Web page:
5. Better resilience to climate change. Increased incidence and duration of droughts, as well as the increased intensity of storms, mean increased uncertainty with respect to both surface and groundwater.  The Environmental Commissioner has made recommendations that would improve the water permit program with respect to responsiveness to climate change, including mandatory reduction in water taking during drought.  We recommend that these ECO recommendations be implemented.
  6. An ecosystem approach is essential. We note that ecosystems receive inadequate mention in this proposal.  For environmental protection it is critical to factor in the needs of the ecosystem, composed of air, land, water and living organisms, as a priority.  The Environmental Commissioner recommended that the Ministry develop a more comprehensive methodology to assess the water needs of ecosystems when reviewing applications for Permits to Take Water.  We would like to see such methodology become part of the application review process.
  7. Need for better understanding of the health of the aquifer. Water permits have been issued for vast amounts without full comprehension of reserves in the deep aquifer.  We are encouraged that the proposal notes that current water budget studies, which are based on estimates and modeling, are not entirely adequate with regard to understanding groundwater reserves and replenishment of the deep aquifers.  It should be recognized that with these water budget exercises, the smaller the area being studied the more exact the modeling has to be, which makes water estimates at a local level more difficult.
  8. Cumulative impacts of total water permits. We recommend that water budget methods be applied to assess impacts of total water takings on a watershed-wide scale.  We also see a need for improvement in the understanding of the cumulative impacts on surface water, groundwater and deep aquifers of total water takings over the long term.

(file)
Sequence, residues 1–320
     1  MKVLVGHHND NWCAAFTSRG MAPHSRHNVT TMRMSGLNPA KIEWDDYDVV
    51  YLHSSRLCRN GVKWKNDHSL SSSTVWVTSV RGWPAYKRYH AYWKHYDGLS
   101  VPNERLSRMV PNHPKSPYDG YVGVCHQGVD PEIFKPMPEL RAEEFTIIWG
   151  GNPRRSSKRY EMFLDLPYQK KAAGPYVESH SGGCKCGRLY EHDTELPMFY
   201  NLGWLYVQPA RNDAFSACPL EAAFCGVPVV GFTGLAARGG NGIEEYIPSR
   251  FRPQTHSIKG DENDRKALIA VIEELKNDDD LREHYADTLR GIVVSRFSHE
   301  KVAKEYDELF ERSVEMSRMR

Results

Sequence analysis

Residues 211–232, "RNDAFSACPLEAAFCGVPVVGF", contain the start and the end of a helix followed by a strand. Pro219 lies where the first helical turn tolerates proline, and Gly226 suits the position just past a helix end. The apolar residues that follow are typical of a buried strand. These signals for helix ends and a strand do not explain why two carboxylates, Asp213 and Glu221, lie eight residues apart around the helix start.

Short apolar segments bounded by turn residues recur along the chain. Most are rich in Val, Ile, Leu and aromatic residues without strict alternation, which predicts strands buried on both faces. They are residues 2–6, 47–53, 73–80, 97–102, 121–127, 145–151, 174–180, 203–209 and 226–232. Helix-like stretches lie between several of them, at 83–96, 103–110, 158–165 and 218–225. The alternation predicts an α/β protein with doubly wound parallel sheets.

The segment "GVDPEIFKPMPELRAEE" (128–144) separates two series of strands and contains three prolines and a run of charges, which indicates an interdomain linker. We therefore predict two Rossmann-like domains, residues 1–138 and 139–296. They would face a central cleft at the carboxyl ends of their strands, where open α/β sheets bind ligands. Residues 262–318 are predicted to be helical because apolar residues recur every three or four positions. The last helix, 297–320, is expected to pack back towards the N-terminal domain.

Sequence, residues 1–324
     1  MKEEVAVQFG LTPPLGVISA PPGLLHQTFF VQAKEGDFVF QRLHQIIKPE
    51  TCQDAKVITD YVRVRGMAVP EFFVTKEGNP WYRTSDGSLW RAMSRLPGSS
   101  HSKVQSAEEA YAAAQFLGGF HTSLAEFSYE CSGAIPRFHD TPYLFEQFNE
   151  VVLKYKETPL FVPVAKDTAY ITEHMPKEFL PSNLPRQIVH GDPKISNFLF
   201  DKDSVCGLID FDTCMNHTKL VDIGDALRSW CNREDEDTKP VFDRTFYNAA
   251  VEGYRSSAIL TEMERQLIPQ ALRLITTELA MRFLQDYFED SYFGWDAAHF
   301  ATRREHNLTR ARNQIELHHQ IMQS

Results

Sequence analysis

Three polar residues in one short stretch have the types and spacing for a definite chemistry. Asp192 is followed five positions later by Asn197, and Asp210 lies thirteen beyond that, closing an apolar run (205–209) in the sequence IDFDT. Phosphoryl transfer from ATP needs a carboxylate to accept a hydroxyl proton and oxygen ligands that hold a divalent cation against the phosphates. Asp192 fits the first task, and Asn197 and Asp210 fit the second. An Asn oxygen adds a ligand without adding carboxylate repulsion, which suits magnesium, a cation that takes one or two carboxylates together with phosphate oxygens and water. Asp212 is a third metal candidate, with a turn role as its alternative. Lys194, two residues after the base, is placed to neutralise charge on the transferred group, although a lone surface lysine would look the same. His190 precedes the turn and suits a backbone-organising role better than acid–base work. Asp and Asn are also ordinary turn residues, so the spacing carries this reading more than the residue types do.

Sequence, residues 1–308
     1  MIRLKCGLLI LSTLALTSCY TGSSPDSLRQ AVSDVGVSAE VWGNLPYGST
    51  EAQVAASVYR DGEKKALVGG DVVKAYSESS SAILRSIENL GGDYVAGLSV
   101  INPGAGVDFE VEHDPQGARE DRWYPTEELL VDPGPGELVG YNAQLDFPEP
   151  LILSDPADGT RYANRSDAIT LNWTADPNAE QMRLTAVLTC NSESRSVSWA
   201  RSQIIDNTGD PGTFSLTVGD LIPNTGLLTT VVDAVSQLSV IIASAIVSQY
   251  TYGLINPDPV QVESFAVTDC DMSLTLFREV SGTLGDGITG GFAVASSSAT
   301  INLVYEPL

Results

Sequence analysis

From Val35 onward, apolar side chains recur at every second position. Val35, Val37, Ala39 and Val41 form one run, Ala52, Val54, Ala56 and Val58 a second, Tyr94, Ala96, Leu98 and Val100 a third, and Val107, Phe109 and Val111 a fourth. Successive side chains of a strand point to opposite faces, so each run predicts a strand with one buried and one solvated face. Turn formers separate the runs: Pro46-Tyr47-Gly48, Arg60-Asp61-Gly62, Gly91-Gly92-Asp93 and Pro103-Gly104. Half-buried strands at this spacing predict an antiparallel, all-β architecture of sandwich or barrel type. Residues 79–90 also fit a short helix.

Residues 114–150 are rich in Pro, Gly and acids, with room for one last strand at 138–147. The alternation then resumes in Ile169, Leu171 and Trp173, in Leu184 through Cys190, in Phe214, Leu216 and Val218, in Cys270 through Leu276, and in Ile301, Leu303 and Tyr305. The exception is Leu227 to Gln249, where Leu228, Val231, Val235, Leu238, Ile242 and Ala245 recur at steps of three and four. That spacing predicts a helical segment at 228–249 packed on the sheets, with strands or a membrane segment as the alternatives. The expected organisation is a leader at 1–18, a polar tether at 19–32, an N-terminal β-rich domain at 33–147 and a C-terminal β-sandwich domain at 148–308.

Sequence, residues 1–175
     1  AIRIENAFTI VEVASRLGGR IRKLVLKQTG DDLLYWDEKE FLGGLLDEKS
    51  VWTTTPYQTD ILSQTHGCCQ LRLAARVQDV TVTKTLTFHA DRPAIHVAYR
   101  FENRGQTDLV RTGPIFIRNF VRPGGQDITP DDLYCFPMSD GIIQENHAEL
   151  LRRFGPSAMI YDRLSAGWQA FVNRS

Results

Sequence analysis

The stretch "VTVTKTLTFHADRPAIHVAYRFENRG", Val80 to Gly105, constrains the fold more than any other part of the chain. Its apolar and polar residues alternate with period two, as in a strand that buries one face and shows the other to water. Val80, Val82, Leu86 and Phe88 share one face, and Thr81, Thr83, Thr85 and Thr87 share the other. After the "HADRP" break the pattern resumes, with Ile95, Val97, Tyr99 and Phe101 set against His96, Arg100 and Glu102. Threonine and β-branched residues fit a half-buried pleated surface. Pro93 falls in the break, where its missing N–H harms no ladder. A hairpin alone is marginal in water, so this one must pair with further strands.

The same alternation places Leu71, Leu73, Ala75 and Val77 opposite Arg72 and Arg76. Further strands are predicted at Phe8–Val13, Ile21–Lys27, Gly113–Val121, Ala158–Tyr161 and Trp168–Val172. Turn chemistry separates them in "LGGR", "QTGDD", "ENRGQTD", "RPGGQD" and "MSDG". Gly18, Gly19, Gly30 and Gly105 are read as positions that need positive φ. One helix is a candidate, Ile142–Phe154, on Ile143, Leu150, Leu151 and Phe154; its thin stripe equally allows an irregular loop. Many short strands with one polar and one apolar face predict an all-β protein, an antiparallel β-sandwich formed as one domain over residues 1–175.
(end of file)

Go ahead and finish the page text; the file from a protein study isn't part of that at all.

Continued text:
9. Scientific standards for permit applications. Regarding scientific reports in applications for new water-taking permits or renewals, we are concerned about the validity of study results that are prepared solely by the applicants, as these would not be disinterested studies.  Such studies should be third party, not proponent-driven research, and peer reviewed similar to scientific protocol standards.  We recommend that these studies focus on the health of the aquifer, the wider environment and public need.
  10. Water management program requires periodic review. Understanding of climate change is evolving and groundwater science is continually improving. There will continue to be new growth projections.  Therefore it is important to periodically review permitting policy to best reflect the science and local agency.  These reviews should be promoted publicly and offer user-friendly avenues for submitting comments.
  11. Cost recovery through water charges. Historically, water-bottling permits require disproportionately high amounts of Ministry time and effort to evaluate and process. We recommend that rates charged to highly consumptive commercial users such as water bottling companies be increased to more fully reflect the administration costs associated with managing the permits and the risks they pose to the environment, as well as the costs of third-party studies on water sustainability.
  12. Impact on current and future generations. When presented with any new or renewing permit application, the ministry should consider the effects of its decisions on current and future generations, consistent with sustainable development principles.  It is clear that not only do these consumptive permits provide no benefit for future generations, they put them at risk by removing vast amounts of water from the deep aquifers while imposing billions of pieces of plastic waste onto current generations and generations to come.